вторник, 5 апреля 2016 г.

Австралия. Если произошел несчастный случай на рабочем месте, необходимо: а) оказать первую помощь пострадавшему; б) обезвредить источник опасности; в) вызвать специального инспектора, если при инциденте здоровью пострадавшего причинен серьезный вред, либо инцидент, сам по себе, считается опасным. В каком случае инцидент считается опасным, какой вред здоровью пострадавшего следует считать серозным, а также о некоторых общих вопросах действий после инцидента смотрите в ниже приведенной публикации. Интересный вопрос возникает в данной связи: обязан ли наниматель в целях оказания первой медицинской помощи обеспечить постоянное присутствие вблизи от рабочего места медицинского персонала либо достаточно обычным работникам просто пройти курсы оказания первой медицинской помощи.

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Tuesday 5th April 2016
Who determines what is a notifiable incident?
In today's Health & Safety Bulletin:
  • 3 important steps to take in response to a workplace incident
Jeff Salton PortraitA safety incident has just occurred at your workplace. What happens next? This question is often asked by businesses which are in the unfortunate position of having to deal with and respond to a serious safety incident. It is important to be prepared now in case such an incident happens.
In today’s Health & Safety Bulletin, legal expert Michael Selinger will outline the important steps you must take immediately after a safety incident occurs, including securing the worksite and notifying the health and safety regulator of a notifiable incident.
What is a notifiable incident?
A notifiable incident is one involving a serious injury, illness or death of a worker, or a dangerous incident. Perhaps your business calls it a near miss?
A person has suffered a serious injury or illness if they require:
  • immediate treatment as an inpatient in a hospital;
  • medical treatment within 48 hours of exposure to a substance; or
  • immediate treatment for:
    • the amputation of any body part;
    • a serious head, eye or burn injury;
    • the separation of skin from an underlying tissue (such as degloving or scalping);
    • a spinal injury; or
    • a serious laceration.
A dangerous incident includes:
  • uncontrolled spillage or leakage of a hazardous substance;
  • an implosion, explosion or fire;
  • an electric shock;
  • any plant, substance or thing falling from a height;
  • the collapse, overturning, failure or malfunction of any plant that must be authorised for use;
  • the collapse or partial collapse of a structure or excavation;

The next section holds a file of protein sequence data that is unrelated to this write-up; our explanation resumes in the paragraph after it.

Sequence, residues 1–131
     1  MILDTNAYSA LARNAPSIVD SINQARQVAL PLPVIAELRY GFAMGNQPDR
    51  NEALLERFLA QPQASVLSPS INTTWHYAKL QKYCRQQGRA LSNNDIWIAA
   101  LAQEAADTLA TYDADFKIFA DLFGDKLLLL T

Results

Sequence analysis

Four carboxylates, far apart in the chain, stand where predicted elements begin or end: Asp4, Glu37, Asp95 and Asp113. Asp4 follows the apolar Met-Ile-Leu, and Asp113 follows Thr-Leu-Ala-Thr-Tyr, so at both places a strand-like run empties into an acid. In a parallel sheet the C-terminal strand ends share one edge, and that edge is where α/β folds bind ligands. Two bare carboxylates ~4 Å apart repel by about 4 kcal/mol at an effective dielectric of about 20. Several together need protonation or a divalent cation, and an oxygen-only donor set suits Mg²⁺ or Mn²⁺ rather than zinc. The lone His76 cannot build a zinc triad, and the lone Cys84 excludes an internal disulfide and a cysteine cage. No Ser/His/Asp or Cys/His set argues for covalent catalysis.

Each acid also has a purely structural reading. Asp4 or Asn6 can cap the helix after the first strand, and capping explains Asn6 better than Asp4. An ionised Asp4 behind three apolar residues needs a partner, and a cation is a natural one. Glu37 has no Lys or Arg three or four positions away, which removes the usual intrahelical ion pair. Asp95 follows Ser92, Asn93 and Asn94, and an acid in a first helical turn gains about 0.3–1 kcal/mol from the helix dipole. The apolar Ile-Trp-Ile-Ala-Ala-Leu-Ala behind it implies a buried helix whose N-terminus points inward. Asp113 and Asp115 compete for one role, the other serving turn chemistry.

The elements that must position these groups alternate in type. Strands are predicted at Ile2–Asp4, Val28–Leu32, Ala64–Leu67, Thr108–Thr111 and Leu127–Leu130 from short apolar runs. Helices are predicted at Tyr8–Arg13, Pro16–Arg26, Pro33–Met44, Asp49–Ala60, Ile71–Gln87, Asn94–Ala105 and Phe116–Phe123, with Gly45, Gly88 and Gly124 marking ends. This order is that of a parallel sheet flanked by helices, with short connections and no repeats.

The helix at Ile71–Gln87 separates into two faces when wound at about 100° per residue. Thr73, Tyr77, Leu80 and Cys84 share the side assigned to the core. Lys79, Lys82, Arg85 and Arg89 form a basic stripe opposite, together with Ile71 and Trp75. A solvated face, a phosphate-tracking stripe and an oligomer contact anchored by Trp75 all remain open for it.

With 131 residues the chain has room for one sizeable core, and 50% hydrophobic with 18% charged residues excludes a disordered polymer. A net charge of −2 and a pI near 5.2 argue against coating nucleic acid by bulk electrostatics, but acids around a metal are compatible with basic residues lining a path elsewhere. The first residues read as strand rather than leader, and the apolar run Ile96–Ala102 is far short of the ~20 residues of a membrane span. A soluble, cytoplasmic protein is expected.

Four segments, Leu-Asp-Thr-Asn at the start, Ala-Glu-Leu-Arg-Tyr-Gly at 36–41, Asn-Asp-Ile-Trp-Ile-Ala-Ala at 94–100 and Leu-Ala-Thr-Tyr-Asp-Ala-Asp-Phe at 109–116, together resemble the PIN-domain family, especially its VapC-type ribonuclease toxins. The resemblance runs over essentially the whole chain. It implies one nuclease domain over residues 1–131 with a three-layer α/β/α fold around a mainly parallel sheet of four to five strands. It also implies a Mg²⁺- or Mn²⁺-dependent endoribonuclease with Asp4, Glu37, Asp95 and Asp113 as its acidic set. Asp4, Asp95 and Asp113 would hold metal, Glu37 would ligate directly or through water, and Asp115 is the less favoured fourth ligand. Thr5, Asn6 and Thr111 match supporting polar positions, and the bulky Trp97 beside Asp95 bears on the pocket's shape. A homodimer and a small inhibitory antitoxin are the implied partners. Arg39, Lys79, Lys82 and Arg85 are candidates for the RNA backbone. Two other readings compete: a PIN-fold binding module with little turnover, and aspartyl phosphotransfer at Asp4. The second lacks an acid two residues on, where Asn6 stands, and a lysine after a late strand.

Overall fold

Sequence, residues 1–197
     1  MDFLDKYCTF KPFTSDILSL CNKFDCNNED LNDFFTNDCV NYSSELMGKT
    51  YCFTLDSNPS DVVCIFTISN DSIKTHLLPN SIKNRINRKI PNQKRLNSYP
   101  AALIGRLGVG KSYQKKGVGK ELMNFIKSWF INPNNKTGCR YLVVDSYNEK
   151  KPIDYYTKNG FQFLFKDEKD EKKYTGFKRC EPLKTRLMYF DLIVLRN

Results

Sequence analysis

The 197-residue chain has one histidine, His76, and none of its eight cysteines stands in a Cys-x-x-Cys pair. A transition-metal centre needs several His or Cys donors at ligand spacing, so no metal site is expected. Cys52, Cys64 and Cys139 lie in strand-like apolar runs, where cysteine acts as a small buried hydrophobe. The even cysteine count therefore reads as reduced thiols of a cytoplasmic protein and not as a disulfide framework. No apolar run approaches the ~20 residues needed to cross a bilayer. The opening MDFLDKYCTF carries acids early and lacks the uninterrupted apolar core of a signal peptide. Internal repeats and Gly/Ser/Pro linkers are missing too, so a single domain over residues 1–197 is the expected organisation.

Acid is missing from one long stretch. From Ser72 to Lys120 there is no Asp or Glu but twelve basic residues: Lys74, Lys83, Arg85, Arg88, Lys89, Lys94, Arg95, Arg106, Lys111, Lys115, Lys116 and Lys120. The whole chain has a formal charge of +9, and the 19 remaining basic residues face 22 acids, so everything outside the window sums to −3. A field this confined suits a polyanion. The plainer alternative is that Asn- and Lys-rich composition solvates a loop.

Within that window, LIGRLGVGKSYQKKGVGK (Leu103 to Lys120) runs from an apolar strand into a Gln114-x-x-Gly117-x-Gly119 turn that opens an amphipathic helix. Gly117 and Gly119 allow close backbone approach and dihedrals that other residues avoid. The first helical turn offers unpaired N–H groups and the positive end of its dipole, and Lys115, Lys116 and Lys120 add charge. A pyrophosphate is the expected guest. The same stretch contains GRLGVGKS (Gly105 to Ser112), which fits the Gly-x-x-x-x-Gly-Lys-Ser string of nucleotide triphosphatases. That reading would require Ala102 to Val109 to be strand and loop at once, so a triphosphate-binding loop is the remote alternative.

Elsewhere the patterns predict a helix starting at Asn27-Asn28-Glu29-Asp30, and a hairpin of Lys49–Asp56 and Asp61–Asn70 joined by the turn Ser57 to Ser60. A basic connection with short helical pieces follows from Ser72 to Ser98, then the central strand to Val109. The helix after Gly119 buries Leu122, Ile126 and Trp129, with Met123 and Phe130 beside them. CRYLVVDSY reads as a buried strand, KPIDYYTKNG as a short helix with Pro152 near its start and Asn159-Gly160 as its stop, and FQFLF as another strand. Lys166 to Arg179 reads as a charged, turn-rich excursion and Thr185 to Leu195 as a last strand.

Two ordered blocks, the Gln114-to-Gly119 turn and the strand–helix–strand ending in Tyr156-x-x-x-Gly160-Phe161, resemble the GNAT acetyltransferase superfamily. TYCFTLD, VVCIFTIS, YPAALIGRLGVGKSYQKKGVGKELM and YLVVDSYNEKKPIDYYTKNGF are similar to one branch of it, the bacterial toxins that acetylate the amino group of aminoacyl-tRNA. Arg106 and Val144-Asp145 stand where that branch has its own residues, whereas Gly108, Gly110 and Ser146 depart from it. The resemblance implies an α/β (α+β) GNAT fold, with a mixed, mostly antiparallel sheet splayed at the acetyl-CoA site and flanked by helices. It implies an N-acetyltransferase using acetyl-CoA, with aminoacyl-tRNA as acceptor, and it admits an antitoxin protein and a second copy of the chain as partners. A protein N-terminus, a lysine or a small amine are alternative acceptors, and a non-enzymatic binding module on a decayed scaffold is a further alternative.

• the inrush of water, mud or gas in an underground tunnel or excavation; or
  • the interruption of the main system of ventilation in an underground tunnel or excavation.
Below, Michael Selinger, lawyer at Holding Redlich and author of the Health & Safety Handbook, has more about the three important steps to take...
Keep up the good work,

Jeff Salton signature
Jeff Salton
Editor, Health & Safety Bulletin
Unfortunately, sometimes accidents in the
workplace just happen. You have to be absolutely
sure you’ve done everything you can to prevent them.
Otherwise the cost could be significant.
There is a resource that will ensure
you’ve covered all bases.

Click here to find out more
Once an incident occurs at your workplace, you need to take all reasonable steps to attend to any injured workers, secure the worksite and report the incident to your health and safety regulator.
1     Attend to injured workers
The first critical step after an incident has occurred is usually to attend to the medical needs of anyone who has been injured. In most cases, first aiders will be able to determine if a worker’s injury is severe enough to require external medical attention.
It’s important to remember that even if a worker claims to be fine and able to continue working, it is best not to rely on the worker’s personal assessment. First aiders are trained to assess the mobility of injured workers and can give the employer a fair idea as to the seriousness of the worker’s condition.
2      Secure the worksite
Sometimes, before attending to the injured worker, it may be necessary to secure the worksite in order to avoid further risks of injury, including to the injured worker. For example, if the worker is trapped under a structure and it is not clear whether the structure will collapse, securing it might take precedence over attending to the immediate health needs of the worker.
This might not always be practicable. For example, it might not be possible to access the injured worker until the area is made safe, e.g. if there has been a chemical release into the environment. You should also be aware that in some cases, moving the structure could cause further harm to the injured person.
After taking care of any injured worker’s needs and securing the worksite, you may need to provide appropriate care and possibly counselling for other workers who might have been affected by the incident.
3     Report the notifiable incident
You must notify the safety regulator immediately by telephone and, if requested, also in writing within 48 hours of the incident. If you are not sure whether the incident is a ‘notifiable incident’, still notify the regulator.
The safety regulator will decide whether to send an inspector to an incident site within about one hour of being notified of the incident, and inspectors generally visit the workplace within an hour after that.
Need more help? Do you have another pressing WHS issue? The Health & Safety Handbook is 100% compliant with Australia’s complex health and safety laws. It’s just like have a legal adviser on staff.
Try the handbook on an obligation-free trial and see how it can simplify your business.
Warm regards,

M. Sellinger signature
Michael Selinger
Health & Safety Handbook
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